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Publication numberUS6176444 B1
Publication typeGrant
Application numberUS 09/157,160
Publication dateJan 23, 2001
Filing dateSep 18, 1998
Priority dateSep 18, 1998
Fee statusLapsed
Publication number09157160, 157160, US 6176444 B1, US 6176444B1, US-B1-6176444, US6176444 B1, US6176444B1
InventorsRon K. Doak
Original AssigneeRon K. Doak
Export CitationBiBTeX, EndNote, RefMan
External Links: USPTO, USPTO Assignment, Espacenet
Glass container hammermill lifting device
US 6176444 B1
An apparatus and a method for lifting a glass container hammermill to enable a holding and storage receptacle to be placed beneath the hammermill is disclosed. The apparatus and the method may utilize a variety of lifting and locking mechanisms to lift and then lock the hammermill in the upper or release position so that the glass cullet holding and storage can be removed and replaced. Providing a user a mechanical means of lifting a hammermill high enough to place a storage receptacle below the break area allows for faster glass crushing and greater receptacle storage capacity.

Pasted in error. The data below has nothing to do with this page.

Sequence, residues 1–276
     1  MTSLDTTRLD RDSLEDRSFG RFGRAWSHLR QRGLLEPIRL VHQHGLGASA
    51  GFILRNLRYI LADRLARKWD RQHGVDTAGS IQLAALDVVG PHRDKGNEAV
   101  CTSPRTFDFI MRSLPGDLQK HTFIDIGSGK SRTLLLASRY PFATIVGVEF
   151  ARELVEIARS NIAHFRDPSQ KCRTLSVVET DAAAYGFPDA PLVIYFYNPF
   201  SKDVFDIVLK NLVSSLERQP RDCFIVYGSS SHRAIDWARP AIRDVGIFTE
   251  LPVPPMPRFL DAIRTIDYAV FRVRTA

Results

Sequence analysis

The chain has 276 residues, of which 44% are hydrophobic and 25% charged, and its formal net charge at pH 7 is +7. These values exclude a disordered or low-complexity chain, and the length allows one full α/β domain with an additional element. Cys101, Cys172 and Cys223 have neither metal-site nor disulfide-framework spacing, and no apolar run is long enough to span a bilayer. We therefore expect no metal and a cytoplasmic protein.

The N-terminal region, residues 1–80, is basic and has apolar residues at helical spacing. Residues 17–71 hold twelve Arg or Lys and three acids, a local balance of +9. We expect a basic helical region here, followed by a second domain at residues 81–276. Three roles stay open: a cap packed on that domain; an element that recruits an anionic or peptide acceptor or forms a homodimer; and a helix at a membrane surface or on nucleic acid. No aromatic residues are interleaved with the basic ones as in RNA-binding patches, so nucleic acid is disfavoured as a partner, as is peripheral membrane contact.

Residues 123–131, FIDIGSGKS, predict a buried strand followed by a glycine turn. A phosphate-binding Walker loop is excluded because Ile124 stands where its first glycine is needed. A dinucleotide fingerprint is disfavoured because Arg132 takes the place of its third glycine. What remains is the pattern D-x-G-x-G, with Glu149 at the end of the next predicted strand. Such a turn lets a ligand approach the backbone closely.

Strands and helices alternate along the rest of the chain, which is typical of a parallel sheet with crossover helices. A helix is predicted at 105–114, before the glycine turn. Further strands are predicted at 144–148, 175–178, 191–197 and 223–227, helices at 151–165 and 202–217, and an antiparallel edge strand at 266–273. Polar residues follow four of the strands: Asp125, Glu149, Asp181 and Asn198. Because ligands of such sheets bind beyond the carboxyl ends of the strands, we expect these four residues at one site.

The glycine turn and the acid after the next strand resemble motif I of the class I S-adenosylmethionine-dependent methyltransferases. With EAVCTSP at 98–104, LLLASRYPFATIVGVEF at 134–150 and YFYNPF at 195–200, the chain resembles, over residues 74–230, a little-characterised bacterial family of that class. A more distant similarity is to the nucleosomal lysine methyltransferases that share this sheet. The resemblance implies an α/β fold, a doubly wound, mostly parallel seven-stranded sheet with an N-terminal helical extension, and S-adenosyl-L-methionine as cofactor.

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I claim:
1. An apparatus for lifting a crushing or hammermill device vertically to enable a user to be able to use mechanical means for raising a heavy bottle crushing or hammer mill to fit on top of a 55-gallon drum receptacle, said apparatus comprising:
(a) a wheeled lower frame that has attached four piston rods;
(b) expansion lift springs fitted on the outside diameter of each of the four piston rods and attached within four cylindrical housings;
(c) said housings attached to an upper frame so that the four cylindrical housings sit on the expansion springs and slide vertically on the four piston rods;
(d) an upper frame assembly that includes a bottle crushing or hammermill device;
(e) a latching pin assembly with front and rear latch pins; and
(f) a latch lever mounted with a fixed pivot so as to enable engagement and disengagement of the latch pins from the piston rods by means of a pull cable.
2. An apparatus for lifting a crushing or hammermill device vertically as claimed in claim 1 and wherein said upper frame assembly can be locked into place by means of front and rear latch pins, said upper frame locking assembly comprising: